Khabur River

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Author:Laxman Burdak, IFS (Retd.)

Khabur or Khaboor River (Arabic: الخابور‎ al-khābūr, Kurdish: Xabûr, Syriac: ܚܒܘܪ ḥābur/khābur, Turkish: Habur) is the largest perennial tributary to the Euphrates in Syrian territory.


Although the Khabur originates in Turkey, the karstic springs around Ra's al-'Ayn are the river's main source of water. Several important wadis join the Khabur north of Al-Hasakah, together creating what is known as the Khabur Triangle, or Upper Khabur area. From north to south, annual rainfall in the Khabur basin decreases from over 400 mm to less than 200 mm, making the river a vital water source for agriculture throughout history. The Khabur joins the Euphrates near the town of Busayrah.

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The tributaries to the Khabur are listed from east to west. Most of these wadis only carry water for part of the year.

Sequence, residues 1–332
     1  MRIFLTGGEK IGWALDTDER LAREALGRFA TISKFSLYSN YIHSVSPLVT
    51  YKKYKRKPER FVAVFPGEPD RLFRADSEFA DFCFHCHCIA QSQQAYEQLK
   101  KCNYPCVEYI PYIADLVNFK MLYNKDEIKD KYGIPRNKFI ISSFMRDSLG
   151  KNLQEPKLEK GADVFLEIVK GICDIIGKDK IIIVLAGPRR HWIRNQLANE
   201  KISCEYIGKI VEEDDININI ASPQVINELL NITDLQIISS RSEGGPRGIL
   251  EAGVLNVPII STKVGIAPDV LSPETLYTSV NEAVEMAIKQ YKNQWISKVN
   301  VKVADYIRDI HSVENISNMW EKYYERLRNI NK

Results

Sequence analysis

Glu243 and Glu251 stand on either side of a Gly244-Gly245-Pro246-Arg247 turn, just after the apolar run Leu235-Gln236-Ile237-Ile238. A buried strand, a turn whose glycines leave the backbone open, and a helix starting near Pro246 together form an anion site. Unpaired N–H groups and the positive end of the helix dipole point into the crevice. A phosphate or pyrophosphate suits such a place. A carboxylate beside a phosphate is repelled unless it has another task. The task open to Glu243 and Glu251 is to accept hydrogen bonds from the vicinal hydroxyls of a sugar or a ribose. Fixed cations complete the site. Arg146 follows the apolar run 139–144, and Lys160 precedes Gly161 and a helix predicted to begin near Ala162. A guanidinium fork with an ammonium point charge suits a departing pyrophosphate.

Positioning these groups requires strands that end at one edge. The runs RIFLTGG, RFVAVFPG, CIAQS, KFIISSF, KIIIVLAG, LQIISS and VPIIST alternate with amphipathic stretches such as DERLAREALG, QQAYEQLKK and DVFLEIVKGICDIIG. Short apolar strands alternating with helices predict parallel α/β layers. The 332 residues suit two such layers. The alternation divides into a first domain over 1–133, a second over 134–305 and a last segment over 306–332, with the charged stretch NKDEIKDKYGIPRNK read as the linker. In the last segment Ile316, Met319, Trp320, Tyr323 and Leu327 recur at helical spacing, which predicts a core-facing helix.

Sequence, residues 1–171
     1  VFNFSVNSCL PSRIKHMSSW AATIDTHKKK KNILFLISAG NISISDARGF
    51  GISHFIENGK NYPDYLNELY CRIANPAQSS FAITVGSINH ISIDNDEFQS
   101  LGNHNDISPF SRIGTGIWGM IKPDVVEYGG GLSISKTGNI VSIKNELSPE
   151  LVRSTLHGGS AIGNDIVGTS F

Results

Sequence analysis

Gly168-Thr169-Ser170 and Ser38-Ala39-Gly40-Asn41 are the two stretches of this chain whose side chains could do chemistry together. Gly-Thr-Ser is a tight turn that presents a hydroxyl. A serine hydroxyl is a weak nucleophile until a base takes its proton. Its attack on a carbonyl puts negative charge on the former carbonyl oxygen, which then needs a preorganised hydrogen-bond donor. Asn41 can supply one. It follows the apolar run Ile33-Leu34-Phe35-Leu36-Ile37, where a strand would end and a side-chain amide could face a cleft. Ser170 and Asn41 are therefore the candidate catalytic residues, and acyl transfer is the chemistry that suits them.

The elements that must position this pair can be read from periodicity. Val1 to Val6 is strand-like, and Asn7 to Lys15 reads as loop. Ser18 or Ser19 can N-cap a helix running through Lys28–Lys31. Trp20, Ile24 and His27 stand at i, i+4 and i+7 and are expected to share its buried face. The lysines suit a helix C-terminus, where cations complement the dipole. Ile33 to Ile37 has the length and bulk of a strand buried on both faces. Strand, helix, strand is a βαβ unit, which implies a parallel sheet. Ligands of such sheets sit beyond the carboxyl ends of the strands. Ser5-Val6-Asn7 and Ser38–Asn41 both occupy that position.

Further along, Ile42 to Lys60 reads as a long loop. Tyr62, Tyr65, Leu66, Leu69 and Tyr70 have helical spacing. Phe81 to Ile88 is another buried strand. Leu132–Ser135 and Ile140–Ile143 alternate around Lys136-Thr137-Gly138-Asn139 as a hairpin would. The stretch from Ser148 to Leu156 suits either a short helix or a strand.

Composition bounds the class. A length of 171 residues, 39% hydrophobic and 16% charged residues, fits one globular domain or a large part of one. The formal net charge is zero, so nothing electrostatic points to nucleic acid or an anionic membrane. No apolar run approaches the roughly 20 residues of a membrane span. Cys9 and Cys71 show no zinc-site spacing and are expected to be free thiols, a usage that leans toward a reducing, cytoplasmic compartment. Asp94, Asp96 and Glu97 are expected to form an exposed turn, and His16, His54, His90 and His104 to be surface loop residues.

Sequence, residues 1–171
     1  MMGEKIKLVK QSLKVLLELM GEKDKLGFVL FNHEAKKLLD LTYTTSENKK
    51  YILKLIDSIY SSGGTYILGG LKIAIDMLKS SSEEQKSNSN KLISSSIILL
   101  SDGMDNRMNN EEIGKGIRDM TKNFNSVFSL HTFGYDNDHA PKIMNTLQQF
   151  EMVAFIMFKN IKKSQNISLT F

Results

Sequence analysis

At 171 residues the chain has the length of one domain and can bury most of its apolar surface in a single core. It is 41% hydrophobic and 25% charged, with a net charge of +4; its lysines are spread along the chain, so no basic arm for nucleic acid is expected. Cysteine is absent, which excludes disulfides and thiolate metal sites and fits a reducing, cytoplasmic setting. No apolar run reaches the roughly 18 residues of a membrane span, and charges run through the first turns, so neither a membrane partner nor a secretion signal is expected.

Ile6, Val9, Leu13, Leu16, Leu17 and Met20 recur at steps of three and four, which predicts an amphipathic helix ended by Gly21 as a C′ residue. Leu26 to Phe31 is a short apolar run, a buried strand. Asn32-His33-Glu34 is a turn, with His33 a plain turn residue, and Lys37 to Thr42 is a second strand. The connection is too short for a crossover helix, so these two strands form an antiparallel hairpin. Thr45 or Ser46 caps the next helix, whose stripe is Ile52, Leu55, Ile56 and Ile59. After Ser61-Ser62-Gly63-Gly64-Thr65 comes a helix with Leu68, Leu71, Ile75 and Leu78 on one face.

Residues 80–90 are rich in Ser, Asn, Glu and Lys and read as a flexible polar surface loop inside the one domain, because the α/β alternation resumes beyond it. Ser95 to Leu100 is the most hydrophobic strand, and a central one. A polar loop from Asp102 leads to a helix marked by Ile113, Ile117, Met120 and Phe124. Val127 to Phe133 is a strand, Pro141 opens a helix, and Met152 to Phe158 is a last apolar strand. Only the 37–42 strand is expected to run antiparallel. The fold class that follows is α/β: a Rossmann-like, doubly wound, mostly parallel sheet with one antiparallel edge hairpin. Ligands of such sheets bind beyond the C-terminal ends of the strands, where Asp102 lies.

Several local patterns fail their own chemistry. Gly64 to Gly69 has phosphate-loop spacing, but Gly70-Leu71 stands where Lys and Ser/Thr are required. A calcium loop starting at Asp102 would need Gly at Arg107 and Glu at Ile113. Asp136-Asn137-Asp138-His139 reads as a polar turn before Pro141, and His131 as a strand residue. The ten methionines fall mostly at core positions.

Since the 1930s, numerous archaeological excavations and surveys have been carried out in the Khabur Valley, indicating that the region has been occupied since the Lower Palaeolithic period.[1]

Important sites that have been excavated include Tell Halaf, Tell Brak, Tell Leilan, Tell Mashnaqa, Tell Mozan and Tell Barri.

The region has given its name to a distinctive painted ware found in northern Mesopotamia and Syria in the early 2nd millennium BCE, called Khabur ware. The region of the Khabur River is also associated with the rise of the Kingdom of the Mitanni that flourished c.1500-1300 BC.

The Khabur River is mentioned in 1 Chronicles 5:26 in the Hebrew Bible: "Tiglath-Pileser ... took the Reubenites, the Gadites and the half tribe of Manasseh into exile. He took them to Halah, Habor (Khabur), Hara and the River Gozan, where they are to this day". (NIV) The identification of the Khabur with the Habor is not contested.

The Khabur river was sometimes identified with the Chebar or Kebar, the location of Tel Abib and setting of several important scenes of the book of Ezekiel. However, recent scholarship identifies the Chebar as the ka-ba-ru waterway mentioned among the 5th century BCE Murushu archives from Nippur, close to Nippur and the Shatt el-Nil, a silted up canal toward the east of Babylon.[2]


  1. Nishiaki, Y. (1992). "Preliminary results of the prehistoric survey in the Khabur Basin, Syria: 1990–91 seasons". Paléorient 18 (1): 97–102. doi:10.3406/paleo.1992.4566
  2. Thompson, Henry O. (1992). "Chebar," in ABD. Vol 1: Doubleday. p. 893. ISBN 0-385-19351-3.